Apple explores customizable layers for future Apple Maps app – new patent application

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We’re pretty selective in the Apple patent applications we cover here, simply because Apple patents all kinds of things for all kinds of reasons, and for every one of them that makes it into an Apple product, there are hundreds of others that never will. But this is one we think might.

The core concept is nothing new: layered maps. The existing Apple Maps app already allows us to choose between standard mapping, satellite view or both, and Google Maps on the web allows us to switch on or off layers like traffic, weather, public transit lines and so on. But what the Apple patent application describes would, if you’ll excuse the pun, take this idea to a whole new level …  Read more

Apple working on innovative solar charging system for MacBooks, iPads and iPhones

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An innovative approach to solar charging revealed in an Apple patent application published today (via Patently Apple) could make it more practical to power both MacBooks and iOS devices from the sun.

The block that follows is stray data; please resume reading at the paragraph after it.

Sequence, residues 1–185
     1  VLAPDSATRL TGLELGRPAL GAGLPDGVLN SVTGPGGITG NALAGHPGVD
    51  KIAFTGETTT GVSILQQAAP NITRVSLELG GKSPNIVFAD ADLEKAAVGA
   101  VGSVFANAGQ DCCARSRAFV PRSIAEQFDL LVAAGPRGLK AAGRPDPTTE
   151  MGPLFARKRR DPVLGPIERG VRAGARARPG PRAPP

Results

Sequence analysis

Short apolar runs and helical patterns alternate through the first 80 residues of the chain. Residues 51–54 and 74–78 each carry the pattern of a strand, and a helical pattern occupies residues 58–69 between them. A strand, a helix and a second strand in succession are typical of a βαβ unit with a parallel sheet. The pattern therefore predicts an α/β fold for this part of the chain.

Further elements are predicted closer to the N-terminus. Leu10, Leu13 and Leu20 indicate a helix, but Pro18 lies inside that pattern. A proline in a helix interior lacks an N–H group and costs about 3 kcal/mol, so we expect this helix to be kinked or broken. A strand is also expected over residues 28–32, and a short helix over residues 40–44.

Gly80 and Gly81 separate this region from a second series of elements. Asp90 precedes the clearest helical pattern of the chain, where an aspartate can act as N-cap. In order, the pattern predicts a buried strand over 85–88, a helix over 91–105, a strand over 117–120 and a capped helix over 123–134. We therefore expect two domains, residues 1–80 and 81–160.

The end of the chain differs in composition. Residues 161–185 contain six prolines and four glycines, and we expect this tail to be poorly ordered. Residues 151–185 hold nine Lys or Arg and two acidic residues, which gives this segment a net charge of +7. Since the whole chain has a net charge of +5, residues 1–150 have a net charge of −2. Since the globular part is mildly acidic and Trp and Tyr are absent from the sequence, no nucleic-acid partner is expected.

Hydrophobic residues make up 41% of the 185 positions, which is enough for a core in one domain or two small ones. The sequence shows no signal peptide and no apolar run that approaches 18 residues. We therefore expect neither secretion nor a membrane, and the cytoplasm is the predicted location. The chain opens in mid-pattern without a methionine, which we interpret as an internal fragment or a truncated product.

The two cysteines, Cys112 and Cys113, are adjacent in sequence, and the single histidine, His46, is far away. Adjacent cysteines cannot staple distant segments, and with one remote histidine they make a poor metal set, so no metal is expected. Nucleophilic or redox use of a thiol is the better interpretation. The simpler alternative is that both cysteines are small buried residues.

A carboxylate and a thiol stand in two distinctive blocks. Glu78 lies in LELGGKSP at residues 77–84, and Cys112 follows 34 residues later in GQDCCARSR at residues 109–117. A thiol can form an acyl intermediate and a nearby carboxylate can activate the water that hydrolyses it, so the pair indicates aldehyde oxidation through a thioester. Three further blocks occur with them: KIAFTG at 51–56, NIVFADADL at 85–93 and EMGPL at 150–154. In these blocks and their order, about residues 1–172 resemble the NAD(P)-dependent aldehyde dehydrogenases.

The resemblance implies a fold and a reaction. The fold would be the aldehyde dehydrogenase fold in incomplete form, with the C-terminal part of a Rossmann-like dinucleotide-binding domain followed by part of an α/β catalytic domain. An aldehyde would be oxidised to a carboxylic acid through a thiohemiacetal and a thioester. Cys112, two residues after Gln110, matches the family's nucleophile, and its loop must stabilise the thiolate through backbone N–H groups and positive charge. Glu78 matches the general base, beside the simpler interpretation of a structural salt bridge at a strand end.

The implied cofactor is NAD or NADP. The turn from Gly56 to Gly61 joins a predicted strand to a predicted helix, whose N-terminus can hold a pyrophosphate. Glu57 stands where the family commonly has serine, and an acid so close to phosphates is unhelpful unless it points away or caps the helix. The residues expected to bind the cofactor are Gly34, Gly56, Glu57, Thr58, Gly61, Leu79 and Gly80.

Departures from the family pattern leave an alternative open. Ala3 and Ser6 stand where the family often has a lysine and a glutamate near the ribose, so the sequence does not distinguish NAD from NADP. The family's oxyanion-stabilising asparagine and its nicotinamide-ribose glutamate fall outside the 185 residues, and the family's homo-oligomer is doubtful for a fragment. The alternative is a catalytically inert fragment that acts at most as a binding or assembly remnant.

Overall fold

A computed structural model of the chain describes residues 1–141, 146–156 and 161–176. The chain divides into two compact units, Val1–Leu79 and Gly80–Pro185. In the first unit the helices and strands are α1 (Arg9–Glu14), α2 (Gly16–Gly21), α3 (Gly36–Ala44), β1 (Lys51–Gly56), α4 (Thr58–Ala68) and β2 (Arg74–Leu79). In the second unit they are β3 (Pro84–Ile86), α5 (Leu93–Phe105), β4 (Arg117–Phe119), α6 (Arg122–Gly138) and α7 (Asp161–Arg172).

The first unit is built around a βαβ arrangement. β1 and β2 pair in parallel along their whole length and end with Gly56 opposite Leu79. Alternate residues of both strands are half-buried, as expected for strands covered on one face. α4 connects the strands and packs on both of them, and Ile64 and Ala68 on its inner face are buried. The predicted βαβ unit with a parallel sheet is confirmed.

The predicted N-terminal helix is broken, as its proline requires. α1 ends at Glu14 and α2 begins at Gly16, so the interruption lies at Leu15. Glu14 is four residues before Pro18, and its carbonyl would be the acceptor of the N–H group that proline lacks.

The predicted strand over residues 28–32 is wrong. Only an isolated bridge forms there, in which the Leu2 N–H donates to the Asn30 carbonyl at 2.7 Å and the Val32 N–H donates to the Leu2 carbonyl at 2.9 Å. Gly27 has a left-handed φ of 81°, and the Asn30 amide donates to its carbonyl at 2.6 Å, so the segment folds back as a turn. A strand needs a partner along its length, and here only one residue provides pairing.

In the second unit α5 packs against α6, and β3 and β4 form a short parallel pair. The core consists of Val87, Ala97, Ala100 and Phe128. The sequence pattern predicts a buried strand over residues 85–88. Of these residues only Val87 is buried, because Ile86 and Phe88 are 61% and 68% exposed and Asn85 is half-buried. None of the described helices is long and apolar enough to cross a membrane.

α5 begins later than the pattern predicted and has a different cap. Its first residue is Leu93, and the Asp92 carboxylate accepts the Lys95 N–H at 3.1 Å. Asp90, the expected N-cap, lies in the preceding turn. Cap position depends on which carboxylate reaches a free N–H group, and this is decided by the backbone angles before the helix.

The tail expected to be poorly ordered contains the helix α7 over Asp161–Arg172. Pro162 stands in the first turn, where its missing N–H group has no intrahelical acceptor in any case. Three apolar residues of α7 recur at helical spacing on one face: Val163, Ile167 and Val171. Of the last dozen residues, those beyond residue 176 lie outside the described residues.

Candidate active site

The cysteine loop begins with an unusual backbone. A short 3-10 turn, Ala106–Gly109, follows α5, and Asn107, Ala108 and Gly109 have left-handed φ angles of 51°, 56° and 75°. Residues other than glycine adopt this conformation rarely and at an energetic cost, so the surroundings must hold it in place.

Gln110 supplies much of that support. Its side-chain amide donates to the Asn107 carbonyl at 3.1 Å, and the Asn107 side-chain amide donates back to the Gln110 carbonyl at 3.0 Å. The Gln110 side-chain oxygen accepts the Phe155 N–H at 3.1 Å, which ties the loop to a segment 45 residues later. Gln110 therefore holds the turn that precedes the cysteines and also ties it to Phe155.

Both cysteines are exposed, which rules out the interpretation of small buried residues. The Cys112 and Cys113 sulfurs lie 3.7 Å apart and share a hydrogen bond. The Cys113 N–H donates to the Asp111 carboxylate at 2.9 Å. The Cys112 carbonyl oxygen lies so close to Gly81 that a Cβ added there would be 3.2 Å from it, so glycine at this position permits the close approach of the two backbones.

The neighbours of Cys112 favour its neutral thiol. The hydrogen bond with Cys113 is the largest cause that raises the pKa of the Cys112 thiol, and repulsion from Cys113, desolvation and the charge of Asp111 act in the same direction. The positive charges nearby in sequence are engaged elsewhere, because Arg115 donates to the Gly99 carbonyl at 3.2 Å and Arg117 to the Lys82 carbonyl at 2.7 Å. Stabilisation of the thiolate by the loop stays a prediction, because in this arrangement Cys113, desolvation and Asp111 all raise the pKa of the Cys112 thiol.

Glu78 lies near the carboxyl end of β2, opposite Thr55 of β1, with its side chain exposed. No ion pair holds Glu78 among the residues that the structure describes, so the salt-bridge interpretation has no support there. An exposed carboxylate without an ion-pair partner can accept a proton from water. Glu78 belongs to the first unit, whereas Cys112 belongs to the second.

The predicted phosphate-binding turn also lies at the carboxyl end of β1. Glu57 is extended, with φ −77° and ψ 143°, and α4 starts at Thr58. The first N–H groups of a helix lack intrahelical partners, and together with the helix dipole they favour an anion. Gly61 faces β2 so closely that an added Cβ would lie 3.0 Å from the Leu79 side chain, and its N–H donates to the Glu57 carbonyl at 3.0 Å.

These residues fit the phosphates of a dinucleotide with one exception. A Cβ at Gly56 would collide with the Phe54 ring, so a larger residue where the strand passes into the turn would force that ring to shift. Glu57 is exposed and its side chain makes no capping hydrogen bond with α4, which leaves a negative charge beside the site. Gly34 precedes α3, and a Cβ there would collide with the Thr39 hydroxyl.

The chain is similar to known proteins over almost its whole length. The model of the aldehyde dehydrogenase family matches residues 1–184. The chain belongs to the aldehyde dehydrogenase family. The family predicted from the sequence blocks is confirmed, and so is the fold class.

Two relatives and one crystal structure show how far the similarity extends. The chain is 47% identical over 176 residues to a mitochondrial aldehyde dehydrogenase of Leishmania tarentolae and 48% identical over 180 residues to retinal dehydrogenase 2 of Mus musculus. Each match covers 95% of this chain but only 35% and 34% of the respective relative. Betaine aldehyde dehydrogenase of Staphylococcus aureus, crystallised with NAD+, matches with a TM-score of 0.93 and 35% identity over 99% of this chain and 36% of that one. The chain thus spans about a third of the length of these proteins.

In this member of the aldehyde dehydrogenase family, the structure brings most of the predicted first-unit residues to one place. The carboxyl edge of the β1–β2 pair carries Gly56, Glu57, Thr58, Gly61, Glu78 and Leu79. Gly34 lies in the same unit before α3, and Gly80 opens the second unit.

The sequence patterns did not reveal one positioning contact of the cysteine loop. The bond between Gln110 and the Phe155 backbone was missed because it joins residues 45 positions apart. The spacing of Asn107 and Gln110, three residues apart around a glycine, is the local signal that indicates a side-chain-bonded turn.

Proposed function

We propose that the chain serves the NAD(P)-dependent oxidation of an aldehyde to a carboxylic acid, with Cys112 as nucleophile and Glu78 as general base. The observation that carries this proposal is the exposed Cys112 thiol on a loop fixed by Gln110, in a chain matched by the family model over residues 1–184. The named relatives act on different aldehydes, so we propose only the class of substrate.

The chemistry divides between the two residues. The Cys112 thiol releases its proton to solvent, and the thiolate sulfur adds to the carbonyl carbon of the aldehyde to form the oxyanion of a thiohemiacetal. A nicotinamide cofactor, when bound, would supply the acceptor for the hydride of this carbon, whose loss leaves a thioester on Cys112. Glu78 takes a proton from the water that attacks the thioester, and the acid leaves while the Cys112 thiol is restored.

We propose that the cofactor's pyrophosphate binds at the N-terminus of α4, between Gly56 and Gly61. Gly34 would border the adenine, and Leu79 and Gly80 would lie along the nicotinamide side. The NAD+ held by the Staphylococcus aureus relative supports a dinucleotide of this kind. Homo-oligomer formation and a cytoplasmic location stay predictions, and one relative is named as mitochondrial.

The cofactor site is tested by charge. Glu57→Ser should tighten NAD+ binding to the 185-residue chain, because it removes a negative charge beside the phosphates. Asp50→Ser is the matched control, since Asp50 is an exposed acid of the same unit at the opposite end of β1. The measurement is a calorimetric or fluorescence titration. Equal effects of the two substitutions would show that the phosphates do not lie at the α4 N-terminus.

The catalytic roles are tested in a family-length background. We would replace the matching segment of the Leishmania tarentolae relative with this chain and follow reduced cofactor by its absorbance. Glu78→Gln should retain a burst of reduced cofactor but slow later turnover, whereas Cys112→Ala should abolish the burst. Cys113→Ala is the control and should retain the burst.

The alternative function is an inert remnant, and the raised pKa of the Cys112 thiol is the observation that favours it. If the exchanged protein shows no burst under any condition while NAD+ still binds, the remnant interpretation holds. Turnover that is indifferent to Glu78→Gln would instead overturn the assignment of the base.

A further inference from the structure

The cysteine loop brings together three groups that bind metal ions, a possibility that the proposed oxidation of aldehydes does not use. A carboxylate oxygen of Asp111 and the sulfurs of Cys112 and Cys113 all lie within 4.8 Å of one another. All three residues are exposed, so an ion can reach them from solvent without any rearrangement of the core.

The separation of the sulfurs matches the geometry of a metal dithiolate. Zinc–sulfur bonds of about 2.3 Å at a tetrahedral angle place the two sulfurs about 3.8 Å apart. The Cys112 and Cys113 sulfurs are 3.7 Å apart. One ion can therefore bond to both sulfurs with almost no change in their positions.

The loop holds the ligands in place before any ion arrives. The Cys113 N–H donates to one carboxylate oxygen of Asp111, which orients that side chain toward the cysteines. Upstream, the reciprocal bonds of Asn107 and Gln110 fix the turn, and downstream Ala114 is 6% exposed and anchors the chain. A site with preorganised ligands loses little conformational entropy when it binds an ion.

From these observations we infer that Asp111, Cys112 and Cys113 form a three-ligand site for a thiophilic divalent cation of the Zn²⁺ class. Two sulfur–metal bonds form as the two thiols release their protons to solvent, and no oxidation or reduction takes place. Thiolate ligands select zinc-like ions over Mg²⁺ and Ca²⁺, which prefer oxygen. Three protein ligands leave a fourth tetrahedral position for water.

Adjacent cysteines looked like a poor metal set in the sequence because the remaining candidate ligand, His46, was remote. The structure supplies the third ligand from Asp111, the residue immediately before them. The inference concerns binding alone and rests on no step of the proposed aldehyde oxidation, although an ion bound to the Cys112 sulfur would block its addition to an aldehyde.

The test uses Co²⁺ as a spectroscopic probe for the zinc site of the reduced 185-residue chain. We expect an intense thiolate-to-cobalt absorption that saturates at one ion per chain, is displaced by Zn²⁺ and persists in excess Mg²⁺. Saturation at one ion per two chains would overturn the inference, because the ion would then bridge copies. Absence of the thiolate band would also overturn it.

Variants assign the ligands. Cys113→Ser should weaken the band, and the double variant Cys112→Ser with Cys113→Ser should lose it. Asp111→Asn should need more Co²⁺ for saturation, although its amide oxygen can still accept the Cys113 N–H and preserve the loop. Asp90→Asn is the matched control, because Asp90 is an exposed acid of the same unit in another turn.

The voltage and power generated by a solar panel varies with the amount of sunlight. To turn the power supply into something that can safely be used by an electronic device, you need a converter or regulator to deliver the correct specs to the device, adding cost and bulk to the panel.

What the Apple patent describes is building the necessary power management circuitry into the MacBook, iPad or iPhone so that it can accept whatever power the panel supplies. This potentially allows for cheaper and more portable panels …  Read more

Samsung fails to obtain Presidential veto from Obama for Apple/ITC import ban case

Samsung-Gavel

With a U.S. import ban previously issued by the ITC set to lock out certain Samsung devices at midnight last night, Bloomberg reports that the company has failed to obtain a veto from President Barack Obama:

The Korean company had argued that the ban should be overturned on public policy grounds, especially since a similar order it won against Apple was vetoed by the administration in August. Samsung can now seek a delay in the ban from a U.S. appeals court that will consider the entire case on legal grounds.

“After carefully weighing policy considerations, including the impact on consumers and competition, advice from agencies, and information from interested parties, I have decided to allow” the import ban to proceed, Obama’s designee, U.S. Trade Representative Michael Froman, said in a statement today.